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Transcrição integral da entrevista a Robert Hiini, jornalista de The Record, jornal diocesano de Perth, na Austrália, sobre o escândalo de abusos sexuais na Austrália. Ver notícia aqui.
The sexual abuse crisis has hit Australia now, what exactly is going on at the moment?
The most recent event is that the Federal Government has announced a Royal Commission into sexual abuse of minors in institutions, religious and non-religious. Victim groups have been making a concerted push, as have the media in the last six months, to drive the Government to take this action. On November 12th Prime Minister Julia Gillard announced a Royal Commission.
So the Commission will also focus on non-Catholic institutions? But media coverage seems to be almost exclusively related to religious institutions, is it not?
It’s true that the media have focused largely on the Catholic Church. The Australian Broadcasting Corporation (ABC) has run several high profile stories about specific dioceses and terrible incidents that have occurred in those dioceses and that has stirred a wider national conversation.
There are a lot of organized victim groups which have agitated for an investigation into the Catholic Church. One of the things that the leader of the opposition in the Federal Parliament said was conditional to his support for a Royal Commission was that it should not only pertain to the Catholic Church but should be extended to other organizations such as Government and non-Catholic organizations.
The cases that have come to light, are they recent?
The cases that have been referenced, particularly by the ABC are cases in which the incidents occurred nearly 20 years ago. I have heard statistics from the State of Victoria, Australia’s second most populous state, which suggest something like 13 to 20 cases that happened after 1990, so there seems to be a massive drop-off in the number of offenses, whether this is due to delayed reporting is anyone’s guess, but it certainly is true that most of the allegations are 15 to 20 years old or older.
How have the bishops reacted to the Royal Commission?
Australia’s bishops have universally welcomed the Royal Commission. There was a joint statement put out on behalf of all Australian bishops saying they welcomed the move and were interested in continuing to ensure that healing was available for victims. The one point of controversy was Cardinal George Pell, from Sydney, who held his own press conference on November 13 in which he reiterated support for the Royal Commission but also said he hoped the Royal Commission would separate fact from fiction, accusing what he described as a hostile media of exaggerating the number of claims. He’s been roundly criticized by the media and victim groups for doing that, but broadly Australian bishops have welcomed this move.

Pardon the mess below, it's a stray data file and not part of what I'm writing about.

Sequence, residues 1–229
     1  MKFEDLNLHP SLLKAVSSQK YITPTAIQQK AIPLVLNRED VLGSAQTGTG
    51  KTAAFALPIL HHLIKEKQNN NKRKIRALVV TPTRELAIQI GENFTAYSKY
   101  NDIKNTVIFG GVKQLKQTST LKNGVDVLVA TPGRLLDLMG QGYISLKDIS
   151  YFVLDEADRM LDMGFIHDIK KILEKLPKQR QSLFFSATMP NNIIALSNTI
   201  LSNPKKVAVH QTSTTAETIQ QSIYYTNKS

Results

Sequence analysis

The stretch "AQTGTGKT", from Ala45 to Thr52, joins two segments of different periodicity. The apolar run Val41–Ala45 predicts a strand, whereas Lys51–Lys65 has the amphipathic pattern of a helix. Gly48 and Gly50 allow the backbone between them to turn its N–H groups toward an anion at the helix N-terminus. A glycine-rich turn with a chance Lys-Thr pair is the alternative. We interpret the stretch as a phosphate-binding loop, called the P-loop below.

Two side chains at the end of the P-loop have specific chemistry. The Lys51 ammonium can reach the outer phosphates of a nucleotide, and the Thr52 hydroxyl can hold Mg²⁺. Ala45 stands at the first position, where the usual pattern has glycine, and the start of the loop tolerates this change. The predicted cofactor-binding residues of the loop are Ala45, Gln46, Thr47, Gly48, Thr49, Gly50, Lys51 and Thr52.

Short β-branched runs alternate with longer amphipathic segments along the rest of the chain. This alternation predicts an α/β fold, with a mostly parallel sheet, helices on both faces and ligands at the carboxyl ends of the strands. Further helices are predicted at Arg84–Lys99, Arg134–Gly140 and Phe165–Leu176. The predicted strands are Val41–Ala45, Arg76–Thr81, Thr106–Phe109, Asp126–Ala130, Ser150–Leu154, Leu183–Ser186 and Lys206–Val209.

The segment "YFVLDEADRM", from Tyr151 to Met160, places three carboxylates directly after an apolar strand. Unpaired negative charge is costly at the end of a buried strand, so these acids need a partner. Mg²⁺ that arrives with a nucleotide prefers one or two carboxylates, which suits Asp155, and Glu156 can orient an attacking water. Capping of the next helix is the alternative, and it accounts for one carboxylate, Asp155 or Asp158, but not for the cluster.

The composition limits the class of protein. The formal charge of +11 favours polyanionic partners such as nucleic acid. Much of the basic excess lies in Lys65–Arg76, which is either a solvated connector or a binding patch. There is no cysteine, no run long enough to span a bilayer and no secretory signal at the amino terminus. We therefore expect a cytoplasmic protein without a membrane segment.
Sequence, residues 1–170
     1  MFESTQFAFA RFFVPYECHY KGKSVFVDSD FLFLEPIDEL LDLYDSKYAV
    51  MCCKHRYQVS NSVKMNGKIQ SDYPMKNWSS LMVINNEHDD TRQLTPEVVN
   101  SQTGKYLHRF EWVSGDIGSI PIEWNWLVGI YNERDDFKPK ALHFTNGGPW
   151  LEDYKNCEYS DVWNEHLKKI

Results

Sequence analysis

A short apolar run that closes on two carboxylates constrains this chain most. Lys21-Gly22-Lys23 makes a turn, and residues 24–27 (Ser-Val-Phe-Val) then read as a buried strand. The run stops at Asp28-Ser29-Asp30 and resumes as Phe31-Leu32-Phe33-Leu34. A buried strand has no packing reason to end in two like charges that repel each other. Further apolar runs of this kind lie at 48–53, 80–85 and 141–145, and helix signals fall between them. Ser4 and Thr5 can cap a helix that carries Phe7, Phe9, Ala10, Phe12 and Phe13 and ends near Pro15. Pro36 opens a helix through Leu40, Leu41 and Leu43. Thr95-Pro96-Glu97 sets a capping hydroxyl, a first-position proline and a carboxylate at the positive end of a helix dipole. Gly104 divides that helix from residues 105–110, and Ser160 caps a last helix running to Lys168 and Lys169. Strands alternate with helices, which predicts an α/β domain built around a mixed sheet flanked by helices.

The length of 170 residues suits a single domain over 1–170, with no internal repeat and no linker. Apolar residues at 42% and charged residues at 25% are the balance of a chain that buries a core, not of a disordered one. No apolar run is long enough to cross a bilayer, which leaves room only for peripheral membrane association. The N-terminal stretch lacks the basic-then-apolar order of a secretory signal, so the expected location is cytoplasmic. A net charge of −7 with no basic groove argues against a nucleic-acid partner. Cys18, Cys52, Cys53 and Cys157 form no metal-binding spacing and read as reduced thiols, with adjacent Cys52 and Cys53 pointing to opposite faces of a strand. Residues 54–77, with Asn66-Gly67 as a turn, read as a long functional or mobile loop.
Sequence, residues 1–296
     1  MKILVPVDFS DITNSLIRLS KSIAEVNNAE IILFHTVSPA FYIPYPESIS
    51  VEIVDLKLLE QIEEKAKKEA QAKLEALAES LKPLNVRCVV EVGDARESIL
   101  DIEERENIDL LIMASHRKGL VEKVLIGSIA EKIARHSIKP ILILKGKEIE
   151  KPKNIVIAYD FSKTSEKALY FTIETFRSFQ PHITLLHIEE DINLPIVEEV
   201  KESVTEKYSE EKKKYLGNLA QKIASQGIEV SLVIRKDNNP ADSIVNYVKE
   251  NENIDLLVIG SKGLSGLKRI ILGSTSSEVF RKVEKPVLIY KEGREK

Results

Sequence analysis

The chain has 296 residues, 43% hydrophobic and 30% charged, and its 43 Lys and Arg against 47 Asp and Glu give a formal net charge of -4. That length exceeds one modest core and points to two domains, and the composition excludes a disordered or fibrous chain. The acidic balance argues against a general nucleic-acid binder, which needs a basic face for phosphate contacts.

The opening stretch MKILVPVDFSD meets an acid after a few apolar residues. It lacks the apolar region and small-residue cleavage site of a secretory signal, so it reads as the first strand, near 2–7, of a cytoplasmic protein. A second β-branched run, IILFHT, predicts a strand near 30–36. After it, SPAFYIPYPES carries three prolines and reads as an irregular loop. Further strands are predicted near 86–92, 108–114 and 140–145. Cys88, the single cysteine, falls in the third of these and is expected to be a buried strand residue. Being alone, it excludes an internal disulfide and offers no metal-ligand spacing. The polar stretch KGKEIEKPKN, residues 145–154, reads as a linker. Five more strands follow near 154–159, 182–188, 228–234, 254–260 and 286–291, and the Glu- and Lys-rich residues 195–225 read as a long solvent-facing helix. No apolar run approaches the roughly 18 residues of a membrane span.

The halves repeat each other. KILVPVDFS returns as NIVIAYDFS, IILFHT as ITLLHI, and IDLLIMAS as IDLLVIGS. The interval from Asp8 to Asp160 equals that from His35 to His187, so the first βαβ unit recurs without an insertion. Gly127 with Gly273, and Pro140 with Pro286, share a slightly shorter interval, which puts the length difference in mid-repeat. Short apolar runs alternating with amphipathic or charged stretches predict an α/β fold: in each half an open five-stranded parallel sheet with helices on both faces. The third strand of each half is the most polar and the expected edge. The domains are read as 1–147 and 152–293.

|Julia Gillard, primeira-ministra da Austrália
There has been debate about the seal of confession…
There was a debate for many days, mainly in tabloid publications such as the News Limited publications but also in Australia’s second largest media group Fairfax publications. That seems to have died down, at least for the time being. It was set off by the premier of New South Wales who said he couldn’t imagine how a priest who heard that in confession could sit on it and not report it to police, and that fuelled the debate.
In the quality press it has largely been assessed to be a red herring. Most people would agree it’s not how most incidences of abuse come to light, and most people want to see real action taken to real situations.
As a journalist but also as a Catholic, what has your reaction been to what is going on?
I guess it’s a mixed picture for me because I watch some of the media coverage and there has been an incredible looseness of language. Whether the coverage relates to specific incidences in specific dioceses its always the church that is held to account. Of course as a Catholic whenever I hear “the church” I think of myself and one billion other people and the saints in heaven and so on.
But the reporting aside, when you hear the accounts of victims you know that that pain is real. And where there are incidents, particularly in the last 20 years when we are supposed to have cleaned up our protocols and our acts, when you hear of incidents that are recent, I see that as an opportunity to do our best by children. Having said that I think most media in Australia are of a progressive, vaguely anti-Catholic bent and some of this reporting seems to be a proxy for underlying resentment against the catholic church and its teaching, but I am trying to focus on the facts that have happened, and the pain of victims and making sure it doesn’t happen again, I think it’s an opportunity for us to do that.